Chambers advances one last piece of evidence. In Dekker’s The Gull’s Hornbook (1609) the gallant is offered this advice: “Whether therefore the gatherers of the public or private playhouses stand to receive the afternoon’s rent, let our gallant (having paid it) presently advance himself up to the throne of the stage” (ES, 4: 366; my emphasis). Hotson too quotes this passage, but Bernard Beckerman peremptorily dismisses it, accusing Hotson of taking “seriously what is patently a satiric description of a fool intruding where he does not belong” (1962, 97). Patently? Leslie Thomson has recently brought together a wider collection of references to playgoers sitting on amphitheater stages (2010). These include Middleton’s Black Book (1604), which refers to “Barnaby Burning‐Glass, arch tobacco‐taker of England, in ordinary, upon stages both common and private” (sig. F2r; my emphasis). She also adduces evidence from litigation that people sat on the stage of the Red Bull (“of all places”) in the latter half of the Jacobean period. And Henry Hutton’s Follie’s Anatomy (1619) contains this passage: “The Globe tomorrow acts a pleasant play … / Go take a pipe of to[bacco]; the crowded stage / Must needs be graced with you and your page” (B2v).

As far as the Globe is concerned, the most compelling evidence against the proposition that members of the audience sat on the stage is, as Beckerman argues, the Induction to John Marston’s The Malcontent. Marston had written the play for the Blackfriars boys but in 1604 the King’s Men somehow acquired it, claiming it was in retaliation for a play of theirs stolen by the boys. John Webster wrote an Induction for it, a piece of metatheatrical joking, in which three of the company play “themselves” – Burbage, Henry Condell, and John Lowin – while William Sly appears as a young theatergoer, accompanied by his cousin, “Doomsday,” played by John Sinklo. It begins:

Enter W. Sly, a tire‐man following him with a stool.

Tire‐man. Sir, the gentlemen will be angry if you sit here.

Sly. Why, we may sit upon the stage at the private house. (1–2)

“Immediately it is apparent that, contrary to Hotson’s fancy, sitting on the stage was not the custom and its introduction was not happily countenanced by the ‘gentlemen’” (Beckerman, 1962, 96). The joke is thus the same as in The Gull’s Hornbook (if that passage is read ironically), at the expense of the gallant who simply does not know the different conventions at the public and private theatres. But Leslie Thomson counters: “Although the extreme metatheatricality of the whole Induction necessarily undermines any exclusively literal interpretation, if one begins with the premise that playgoers did sometimes sit on the Globe stage, it is possible to understand the Sly‐Tireman exchange as an attempt to discourage the practice” (6) – but thereby also as evidence that it existed.

The references in Every Man Out of His Humour and Follie’s Anatomy establish fairly categorically that there was audience seating on the stage at the Globe as early as 1599 and as late as 1619. The evidence from the Induction to The Malcontent and The Gull’s Handbook proves to be more ambiguous about the years in between. Those included the years (1600–1609) when the company was in direct competition with the boys at the Blackfriars, who certainly allowed this practice, and Andrew Gurr maintains that “[s]itting on stools on the stage was clearly taken to be a very distinct mark of the difference between the audiences for the adult plays in the amphitheatres and for boy plays in the hall playhouses through the decade 1600–1609 when they were competing for audiences” (2004b, 36–7). I am less sure.

Hotson was not wrong, therefore, about audience members sitting on the stage of the Globe, though it may not have happened in that key decade when Shakespeare was primarily writing for that stage; and he must surely have over‐estimated the numbers – he speaks of “a many‐hued insolent phalanx of several dozen” (1960, 26). But he was certainly not wrong about the prevalence of hierarchically‐sensitive seating in many other places where Elizabethan drama was performed. Indeed his mistake was in not recognizing that simply in the lords’ rooms and the gentlemen’s rooms Shakespeare’s company (and those in other public theatres by this time) had sufficiently adapted the convention to suit the circumstances of a public amphitheater playhouse. The Queen might never have been there in person, but as the lower‐paying members of the audience looked through the performance to see the lords and the gentry in their finery, whether in the most exclusive rooms or seated on the stage itself, they saw everything she represented. To this extent, the Globe reproduced in its own way the same kind of hierarchical stationing as we have observed in all the other playing spaces where we have imagined Shakespeare performing.11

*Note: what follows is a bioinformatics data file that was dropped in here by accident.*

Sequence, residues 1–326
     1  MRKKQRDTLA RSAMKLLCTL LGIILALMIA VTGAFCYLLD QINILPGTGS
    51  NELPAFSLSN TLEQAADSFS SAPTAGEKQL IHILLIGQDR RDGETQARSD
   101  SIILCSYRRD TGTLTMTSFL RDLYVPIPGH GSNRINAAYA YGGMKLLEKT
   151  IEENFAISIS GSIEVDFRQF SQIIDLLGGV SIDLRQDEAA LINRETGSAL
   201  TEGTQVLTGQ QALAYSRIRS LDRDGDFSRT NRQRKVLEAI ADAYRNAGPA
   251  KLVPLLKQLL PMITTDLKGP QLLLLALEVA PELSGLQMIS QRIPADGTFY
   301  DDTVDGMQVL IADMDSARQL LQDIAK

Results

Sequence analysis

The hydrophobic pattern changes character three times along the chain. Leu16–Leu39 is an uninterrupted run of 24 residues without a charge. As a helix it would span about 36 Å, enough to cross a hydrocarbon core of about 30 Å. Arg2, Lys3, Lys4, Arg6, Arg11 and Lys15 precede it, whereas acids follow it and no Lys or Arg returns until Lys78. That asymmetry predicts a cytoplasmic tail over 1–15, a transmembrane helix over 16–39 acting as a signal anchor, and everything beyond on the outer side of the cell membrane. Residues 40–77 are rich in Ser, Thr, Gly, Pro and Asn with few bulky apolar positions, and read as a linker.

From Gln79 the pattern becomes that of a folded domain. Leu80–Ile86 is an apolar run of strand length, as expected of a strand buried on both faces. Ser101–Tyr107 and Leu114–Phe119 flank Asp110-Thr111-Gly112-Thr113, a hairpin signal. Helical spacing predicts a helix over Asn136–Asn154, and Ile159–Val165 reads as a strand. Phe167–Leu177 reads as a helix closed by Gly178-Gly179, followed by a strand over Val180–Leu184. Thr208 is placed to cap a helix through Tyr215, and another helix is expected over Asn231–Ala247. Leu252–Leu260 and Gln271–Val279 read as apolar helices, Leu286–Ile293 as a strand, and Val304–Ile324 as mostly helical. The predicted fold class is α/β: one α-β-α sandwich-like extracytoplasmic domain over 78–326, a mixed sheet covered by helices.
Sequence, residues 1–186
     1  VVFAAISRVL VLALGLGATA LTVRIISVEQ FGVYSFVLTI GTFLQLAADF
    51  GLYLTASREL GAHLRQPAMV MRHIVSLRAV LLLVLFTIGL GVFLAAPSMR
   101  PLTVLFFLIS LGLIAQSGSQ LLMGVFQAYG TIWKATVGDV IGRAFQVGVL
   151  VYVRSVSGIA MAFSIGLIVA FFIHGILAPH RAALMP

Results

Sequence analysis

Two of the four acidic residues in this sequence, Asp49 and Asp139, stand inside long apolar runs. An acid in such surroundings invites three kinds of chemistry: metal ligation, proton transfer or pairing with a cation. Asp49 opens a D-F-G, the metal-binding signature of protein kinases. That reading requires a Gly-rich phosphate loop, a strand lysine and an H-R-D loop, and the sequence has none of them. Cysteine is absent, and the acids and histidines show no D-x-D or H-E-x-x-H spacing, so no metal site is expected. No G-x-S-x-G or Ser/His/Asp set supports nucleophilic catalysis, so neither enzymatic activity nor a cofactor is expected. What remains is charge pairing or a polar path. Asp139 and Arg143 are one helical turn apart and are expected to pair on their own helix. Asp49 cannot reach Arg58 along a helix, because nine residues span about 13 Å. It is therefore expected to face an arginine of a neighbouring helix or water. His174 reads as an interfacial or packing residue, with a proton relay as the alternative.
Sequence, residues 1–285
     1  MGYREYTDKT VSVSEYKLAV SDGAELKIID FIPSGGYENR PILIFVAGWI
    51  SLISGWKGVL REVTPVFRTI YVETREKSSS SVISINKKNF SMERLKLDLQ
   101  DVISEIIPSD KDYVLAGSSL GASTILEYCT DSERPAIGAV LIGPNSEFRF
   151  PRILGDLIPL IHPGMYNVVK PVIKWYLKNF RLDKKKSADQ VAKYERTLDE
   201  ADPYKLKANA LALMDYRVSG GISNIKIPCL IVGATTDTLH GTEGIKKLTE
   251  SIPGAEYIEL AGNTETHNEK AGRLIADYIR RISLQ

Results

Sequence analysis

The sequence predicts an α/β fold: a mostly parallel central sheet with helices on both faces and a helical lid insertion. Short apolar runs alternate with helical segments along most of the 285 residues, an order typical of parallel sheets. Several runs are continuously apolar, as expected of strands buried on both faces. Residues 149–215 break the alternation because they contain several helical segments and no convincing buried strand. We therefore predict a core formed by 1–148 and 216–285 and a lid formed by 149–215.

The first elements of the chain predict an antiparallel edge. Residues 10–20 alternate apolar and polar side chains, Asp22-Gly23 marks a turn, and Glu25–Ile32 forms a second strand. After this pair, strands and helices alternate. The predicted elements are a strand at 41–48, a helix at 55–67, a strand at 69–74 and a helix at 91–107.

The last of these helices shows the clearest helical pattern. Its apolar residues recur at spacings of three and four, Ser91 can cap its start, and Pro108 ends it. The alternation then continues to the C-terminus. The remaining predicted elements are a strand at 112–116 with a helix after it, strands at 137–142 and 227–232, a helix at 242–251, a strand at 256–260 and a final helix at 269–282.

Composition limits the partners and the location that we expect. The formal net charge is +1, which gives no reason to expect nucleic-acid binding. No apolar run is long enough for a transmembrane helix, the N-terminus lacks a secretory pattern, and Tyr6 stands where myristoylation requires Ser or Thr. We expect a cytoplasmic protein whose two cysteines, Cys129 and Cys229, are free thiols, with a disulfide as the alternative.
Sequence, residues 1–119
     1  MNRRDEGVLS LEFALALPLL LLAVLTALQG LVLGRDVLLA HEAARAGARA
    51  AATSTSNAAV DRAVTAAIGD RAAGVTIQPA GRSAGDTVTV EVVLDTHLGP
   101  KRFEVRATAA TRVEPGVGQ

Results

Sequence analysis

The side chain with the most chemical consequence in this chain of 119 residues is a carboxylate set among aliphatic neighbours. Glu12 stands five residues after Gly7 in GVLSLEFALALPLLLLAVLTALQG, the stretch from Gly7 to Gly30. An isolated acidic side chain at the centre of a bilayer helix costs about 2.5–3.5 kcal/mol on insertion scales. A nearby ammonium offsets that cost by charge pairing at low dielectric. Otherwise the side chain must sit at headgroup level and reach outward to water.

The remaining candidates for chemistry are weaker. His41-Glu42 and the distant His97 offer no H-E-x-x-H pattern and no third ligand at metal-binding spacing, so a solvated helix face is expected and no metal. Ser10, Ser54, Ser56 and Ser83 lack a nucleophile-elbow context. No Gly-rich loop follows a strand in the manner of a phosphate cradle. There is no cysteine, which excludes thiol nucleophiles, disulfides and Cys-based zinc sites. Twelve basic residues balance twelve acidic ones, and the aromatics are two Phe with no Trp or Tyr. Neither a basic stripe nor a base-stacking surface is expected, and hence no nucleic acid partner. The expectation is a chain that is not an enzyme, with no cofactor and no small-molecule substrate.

There remains, however, much that the Fortune contract does not tell us. Despite its careful detail about the main structure, it tells us remarkably little about the stage proper; it does not specify its height; the number or location of doors; whether or not there was a discovery space or trapdoors. Presumably Street would remember all of these from the Globe. It also says nothing about painting the building (though it specifies carved satyrs as decorations), because this was expressly not left to Street and his team but doubtless left to skilled professional painters. We recall Heywood’s description of the “heavens” in Rome’s Campus Martius (p. 98) and even in the much more limited space of the Globe, we must assume that they went for something in rich, glowing colors. The pillars holding up the heavens doubtless emulated the Swan in being painted to look like marble. Hamlet/Burbage presumably gestured to the heavens themselves, decorated with stars, planets and zodiacs, when he spoke of “this brave o’erhanging, this majestical roof fretted with golden fire” (2.2.291–2).

From other sources, we can put together the following: the only contemporary record that specifies the height of a stage is the litigation over Brayne’s Red Lion, where the stage was 5 ft (1.52 m) from the floor. This seems high, but it would certainly ensure everyone in the pit a clear view (though they might acquire a crick in the neck). It would also prevent persons in the pit from getting up on to the stage, probably a necessary precaution. The invasion of the stage by the Citizen, his Wife and Rafe in Beaumont’s The Knight of the Burning Pestle (a Blackfriars play) is not something a company would want to contemplate in reality.